Dan White answer your financial questions.
I AM a retired public servant on an annual pension of €40,000. My wife has no income. Prior to retirement, I invested €16,000 in an Advance Voluntary Contributions (AVC) pension scheme, on which I received a tax refund. As the return on the investment does not cover the management fee, I am thinking of cancelling this policy. Could you tell me what are the tax implications if I go down this road?
Ronan should think carefully before cashing in his advance voluntary contributions.
If pension contributions, including AVCs, are cashed in, then the money -- including any increase in the value of the AVCs -- becomes liable for tax at the standard 20pc rate.
Any refund would also be subject to the universal social charge. While the standard USC rate is 7pc, people aged 70 or over pay "only" 4pc.
What this means is that, if he is aged under 70, Ronan could end up paying as much as 27pc tax, income tax and USC, on any refunds of AVCs.
That would translate into a deduction of up to €4,320 if the refund was for the original €16,000 invested.
If the AVCs had increased in value, he would also pay 27pc tax on any increase.
There is however, one step that Ronan could take to postpone paying tax if he cashes in his AVCs.
He could use the money to top up his pension by purchasing an annuity.
This would pay him a fixed annual amount for the rest of his life, supplementing his existing pension.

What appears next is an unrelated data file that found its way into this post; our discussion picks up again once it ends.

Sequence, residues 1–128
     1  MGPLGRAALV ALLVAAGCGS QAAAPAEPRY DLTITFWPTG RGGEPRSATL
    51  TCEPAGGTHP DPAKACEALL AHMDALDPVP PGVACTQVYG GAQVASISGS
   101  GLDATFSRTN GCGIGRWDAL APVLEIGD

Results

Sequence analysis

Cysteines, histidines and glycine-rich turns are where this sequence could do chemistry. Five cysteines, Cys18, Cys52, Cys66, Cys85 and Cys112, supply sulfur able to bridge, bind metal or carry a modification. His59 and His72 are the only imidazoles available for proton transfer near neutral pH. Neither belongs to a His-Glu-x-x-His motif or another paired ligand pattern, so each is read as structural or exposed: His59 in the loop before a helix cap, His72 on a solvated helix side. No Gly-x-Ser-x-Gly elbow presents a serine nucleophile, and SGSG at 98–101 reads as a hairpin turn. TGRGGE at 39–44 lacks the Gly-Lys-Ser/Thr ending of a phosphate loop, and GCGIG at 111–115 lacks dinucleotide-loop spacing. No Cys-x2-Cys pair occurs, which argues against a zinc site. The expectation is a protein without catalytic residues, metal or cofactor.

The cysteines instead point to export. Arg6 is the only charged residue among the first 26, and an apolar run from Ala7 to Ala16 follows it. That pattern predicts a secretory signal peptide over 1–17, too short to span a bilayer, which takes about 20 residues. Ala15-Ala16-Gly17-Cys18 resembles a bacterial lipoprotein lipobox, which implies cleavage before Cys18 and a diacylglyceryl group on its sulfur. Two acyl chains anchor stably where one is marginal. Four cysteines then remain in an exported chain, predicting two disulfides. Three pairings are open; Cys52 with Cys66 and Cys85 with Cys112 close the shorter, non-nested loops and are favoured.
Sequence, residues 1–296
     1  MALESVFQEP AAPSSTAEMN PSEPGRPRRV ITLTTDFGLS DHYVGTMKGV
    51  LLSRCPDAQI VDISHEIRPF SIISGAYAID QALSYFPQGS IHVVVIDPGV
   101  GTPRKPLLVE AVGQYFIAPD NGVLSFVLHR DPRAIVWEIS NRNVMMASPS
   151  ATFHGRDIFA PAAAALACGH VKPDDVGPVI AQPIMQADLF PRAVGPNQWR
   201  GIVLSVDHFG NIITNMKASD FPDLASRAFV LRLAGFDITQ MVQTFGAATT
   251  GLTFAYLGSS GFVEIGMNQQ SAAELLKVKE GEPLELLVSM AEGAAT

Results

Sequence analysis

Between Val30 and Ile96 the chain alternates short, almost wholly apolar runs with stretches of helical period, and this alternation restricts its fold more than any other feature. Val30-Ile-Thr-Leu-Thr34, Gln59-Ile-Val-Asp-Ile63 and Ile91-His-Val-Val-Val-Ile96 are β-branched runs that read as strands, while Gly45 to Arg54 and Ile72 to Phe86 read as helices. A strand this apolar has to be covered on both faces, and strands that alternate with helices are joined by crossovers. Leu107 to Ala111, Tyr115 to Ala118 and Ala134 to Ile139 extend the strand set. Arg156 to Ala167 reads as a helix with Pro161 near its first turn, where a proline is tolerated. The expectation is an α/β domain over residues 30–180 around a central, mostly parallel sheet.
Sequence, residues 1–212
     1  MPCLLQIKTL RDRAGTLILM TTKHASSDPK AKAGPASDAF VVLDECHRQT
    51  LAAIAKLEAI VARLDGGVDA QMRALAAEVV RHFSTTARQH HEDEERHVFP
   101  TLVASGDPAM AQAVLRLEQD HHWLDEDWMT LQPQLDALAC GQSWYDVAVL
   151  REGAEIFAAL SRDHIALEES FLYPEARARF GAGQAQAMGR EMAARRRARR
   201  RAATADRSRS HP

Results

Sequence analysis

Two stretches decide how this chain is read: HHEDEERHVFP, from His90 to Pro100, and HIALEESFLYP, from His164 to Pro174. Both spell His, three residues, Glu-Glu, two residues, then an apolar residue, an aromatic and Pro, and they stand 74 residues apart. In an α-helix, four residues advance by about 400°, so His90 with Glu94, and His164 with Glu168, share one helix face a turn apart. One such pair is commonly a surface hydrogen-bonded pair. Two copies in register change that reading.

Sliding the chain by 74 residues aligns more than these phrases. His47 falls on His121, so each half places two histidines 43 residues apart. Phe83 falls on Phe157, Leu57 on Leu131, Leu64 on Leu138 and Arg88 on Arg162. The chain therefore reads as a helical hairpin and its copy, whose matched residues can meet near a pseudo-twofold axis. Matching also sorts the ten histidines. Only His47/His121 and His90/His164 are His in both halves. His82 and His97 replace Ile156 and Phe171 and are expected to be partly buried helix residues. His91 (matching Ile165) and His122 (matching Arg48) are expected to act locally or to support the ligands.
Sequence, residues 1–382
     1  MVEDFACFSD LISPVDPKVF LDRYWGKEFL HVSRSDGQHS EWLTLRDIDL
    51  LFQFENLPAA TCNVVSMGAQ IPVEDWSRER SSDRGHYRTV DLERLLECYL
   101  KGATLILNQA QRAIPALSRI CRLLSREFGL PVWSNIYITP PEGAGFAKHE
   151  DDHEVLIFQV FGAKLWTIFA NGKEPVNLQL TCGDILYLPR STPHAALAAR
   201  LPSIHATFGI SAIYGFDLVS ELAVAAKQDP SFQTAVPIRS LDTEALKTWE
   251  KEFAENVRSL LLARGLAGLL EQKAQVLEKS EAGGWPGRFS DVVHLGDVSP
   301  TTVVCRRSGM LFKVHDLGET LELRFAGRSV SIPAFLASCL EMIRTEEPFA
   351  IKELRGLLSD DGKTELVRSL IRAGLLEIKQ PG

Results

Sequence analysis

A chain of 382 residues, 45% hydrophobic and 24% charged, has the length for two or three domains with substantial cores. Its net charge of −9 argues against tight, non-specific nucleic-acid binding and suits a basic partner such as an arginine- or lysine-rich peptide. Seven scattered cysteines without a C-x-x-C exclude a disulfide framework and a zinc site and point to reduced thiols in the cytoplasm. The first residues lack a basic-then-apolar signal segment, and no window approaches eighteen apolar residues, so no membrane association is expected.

The downside is that any payments received from the annuity would be taxable.
In practice, given that the amount he would receive each year from his annuity would be so small, Ronan might be better off just cashing in his AVCs and paying the tax.
However, before he does anything irrevocable he should first take professional advice on his options.
Having recently booked a flight on Ryanair, an unexpected problem arose and I needed to contact them urgently. Imagine my surprise when I found that, while customers book virtually all of their Ryanair flights online, I could only contact the airline in writing or by telephone. Can this possibly be true?
Yes. Incredible as it may seem, customers wishing to contact Ryanair cannot do so by email.
Instead, they have to use either good old-fashioned snail mail or the telephone. And Ryanair wouldn't be Ryanair if it hadn't figured out a way of screwing customers wishing to contact it by telephone.
While you can take your chances with Ryanair's main customer service number, which is charged at national rates, there is also a premium rate "priority assistance" number which will set you back a whopping 95 cent a minute.
However, Ryanair customers looking for an e-mail address to contact Ryanair will look in vain.
This is despite Ryanair fining customers who have the temerity not to check-in on-line €40.
Quite clearly when it comes to Ryanair, what's sauce for the goose isn't sauce for the gander.
The good news is that Ryanair may be forced to mend its ways.
The EU Commission recently ruled that Ryanair's uncommunicative communications strategy was in breach of the European e-commerce directive.
This stipulates that companies doing business on-line must supply customers with an e-mail address.
The Commission has passed the matter on to the National Consumer Agency in this country to deal with.
If the matter isn't resolved to its satisfaction, the Commission can take legal action against the Irish government to force it to implement the terms of the directive.